MS. TUMULTY: She talks about how we’re going to start a conversation now. When she talks about what she’s running on, it’s a laundry list of Democratic priorities – end the war in Iraq, health care, energy independence – but not an overarching rationale for her candidacy. So it occurred to me that if you went back and watched that video, that announcement, you could really see all the things that were going to go wrong for her in the coming year.
And so that’s – you know, and the other thing that is not anywhere mentioned in that announcement was the historic nature of her campaign, the fact for the first time it appeared that a woman was within striking distance of the Oval Office. So I think that this time around, she is going to sort of play those larger themes. So she’s –
MS. IFILL: She’s already started.
MS. TUMULTY: And she’s also got to come up with sort of an overarching rationale for her candidacy. But her strategists are promising it’s going to be done on a very small and intimate and personal scale; that, you know, you won’t see her flying around this time in the helicopter, as she did in Iowa the last time.
MS. IFILL: Hmm. Well, we’ll wait and see if that’s true.
DAVID SANGER: Karen, you know, the difference between when that video was done and next Sunday’s is done, is she’s been secretary of State in between, which means that she owns at least the first half of Barack Obama’s foreign policy. She owns where we were in Iraq on the withdrawal, on Afghanistan, a range of other issues. Doesn’t quite fit with the, I’m a grandmother now, let’s have a conversation. How does she play that?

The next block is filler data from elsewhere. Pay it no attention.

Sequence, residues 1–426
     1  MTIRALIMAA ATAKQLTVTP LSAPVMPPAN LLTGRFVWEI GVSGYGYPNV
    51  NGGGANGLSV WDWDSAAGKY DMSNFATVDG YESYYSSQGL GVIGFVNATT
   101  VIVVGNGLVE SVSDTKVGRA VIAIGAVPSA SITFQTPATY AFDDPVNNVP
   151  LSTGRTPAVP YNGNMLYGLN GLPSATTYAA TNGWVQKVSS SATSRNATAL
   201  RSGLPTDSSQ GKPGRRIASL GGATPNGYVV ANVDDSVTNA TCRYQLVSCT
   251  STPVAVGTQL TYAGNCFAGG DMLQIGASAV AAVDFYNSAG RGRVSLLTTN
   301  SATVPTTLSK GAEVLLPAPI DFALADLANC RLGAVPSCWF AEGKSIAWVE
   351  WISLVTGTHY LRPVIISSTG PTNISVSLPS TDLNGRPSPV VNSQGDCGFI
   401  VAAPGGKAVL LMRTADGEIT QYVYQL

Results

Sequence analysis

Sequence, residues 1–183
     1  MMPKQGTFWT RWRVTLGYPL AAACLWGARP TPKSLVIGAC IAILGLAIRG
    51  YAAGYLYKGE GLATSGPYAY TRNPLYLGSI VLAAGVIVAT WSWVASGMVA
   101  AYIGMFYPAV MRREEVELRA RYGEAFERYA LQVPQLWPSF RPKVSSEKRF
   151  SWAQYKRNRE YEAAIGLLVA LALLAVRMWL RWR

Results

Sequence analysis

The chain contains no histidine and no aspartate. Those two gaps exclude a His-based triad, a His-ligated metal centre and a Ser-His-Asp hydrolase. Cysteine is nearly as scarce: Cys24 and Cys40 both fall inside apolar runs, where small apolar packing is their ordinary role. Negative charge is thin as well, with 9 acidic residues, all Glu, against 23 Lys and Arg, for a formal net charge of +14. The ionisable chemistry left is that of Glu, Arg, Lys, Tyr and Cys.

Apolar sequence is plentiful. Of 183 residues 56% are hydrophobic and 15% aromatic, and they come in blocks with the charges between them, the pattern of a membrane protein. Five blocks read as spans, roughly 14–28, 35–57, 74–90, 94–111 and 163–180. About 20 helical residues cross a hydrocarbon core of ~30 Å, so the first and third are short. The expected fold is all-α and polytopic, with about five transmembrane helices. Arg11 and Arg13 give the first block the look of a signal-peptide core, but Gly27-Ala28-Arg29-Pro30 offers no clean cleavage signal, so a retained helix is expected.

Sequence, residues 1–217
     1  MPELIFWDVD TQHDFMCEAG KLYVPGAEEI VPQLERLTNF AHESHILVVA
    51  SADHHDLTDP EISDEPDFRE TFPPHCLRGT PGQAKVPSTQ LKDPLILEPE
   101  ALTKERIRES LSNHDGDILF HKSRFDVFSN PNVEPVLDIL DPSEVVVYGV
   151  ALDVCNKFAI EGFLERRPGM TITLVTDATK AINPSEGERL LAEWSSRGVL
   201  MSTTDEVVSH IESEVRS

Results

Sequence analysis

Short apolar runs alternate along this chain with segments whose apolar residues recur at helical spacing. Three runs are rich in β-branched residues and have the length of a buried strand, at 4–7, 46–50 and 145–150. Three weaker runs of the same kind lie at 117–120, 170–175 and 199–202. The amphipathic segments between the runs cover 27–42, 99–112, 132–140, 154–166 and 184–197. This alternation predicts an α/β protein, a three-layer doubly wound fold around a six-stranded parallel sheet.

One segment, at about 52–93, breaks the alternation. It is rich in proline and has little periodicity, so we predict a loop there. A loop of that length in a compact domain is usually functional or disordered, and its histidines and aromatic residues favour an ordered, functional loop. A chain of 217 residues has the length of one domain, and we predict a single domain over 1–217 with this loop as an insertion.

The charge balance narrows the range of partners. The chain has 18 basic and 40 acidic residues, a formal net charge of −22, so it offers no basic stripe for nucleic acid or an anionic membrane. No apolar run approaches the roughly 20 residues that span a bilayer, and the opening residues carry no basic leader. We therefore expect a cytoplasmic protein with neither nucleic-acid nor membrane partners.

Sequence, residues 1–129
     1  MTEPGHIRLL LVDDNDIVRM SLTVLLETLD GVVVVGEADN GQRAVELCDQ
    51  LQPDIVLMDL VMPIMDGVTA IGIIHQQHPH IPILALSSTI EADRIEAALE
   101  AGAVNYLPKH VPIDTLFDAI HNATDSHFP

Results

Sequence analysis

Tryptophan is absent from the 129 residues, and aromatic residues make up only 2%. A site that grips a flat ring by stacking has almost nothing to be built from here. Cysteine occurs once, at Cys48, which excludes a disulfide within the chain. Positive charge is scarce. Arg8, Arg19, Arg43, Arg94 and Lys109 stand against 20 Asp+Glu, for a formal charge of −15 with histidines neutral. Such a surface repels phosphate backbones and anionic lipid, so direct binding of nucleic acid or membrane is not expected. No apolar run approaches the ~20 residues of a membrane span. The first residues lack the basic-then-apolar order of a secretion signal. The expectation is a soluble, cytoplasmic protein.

MS. IFILL: Let me ask John to weigh in on that.
MR. DICKERSON: Well, I think what she’s going to try to do – just from let’s talk about the theater of the moment, because basically the next week is about theater. Again, Karen’s point, there’s also a message. But theater first is to get her out from the couch, the idea of being encased in political celebrity, encased in that secretary of State-ness, where she’s seen with the sunglasses on reading on a C-130 airplane. She’s going to be in living rooms, in small settings – that’s what they would hope, anyway – in kind of intimate scenes, connecting with people, talking to them about a grandchild, about her mother’s struggles and perseverance, and then trying to answer this question about why are you running. I think foreign policy will be part of that.
I think she does have the baggage of the Obama years, but she also has some facility with the topics. And I think some of the Republicans running against her, though their foreign policy message is basically centered on the idea of strength – just America needs to be strong and that will solve many of our problems, which has a kind of blunt force to it – I think they are – if they get into a real debate about foreign policy with her, she does have facility on those sets of issues, and that’s a chance for her to show mastery.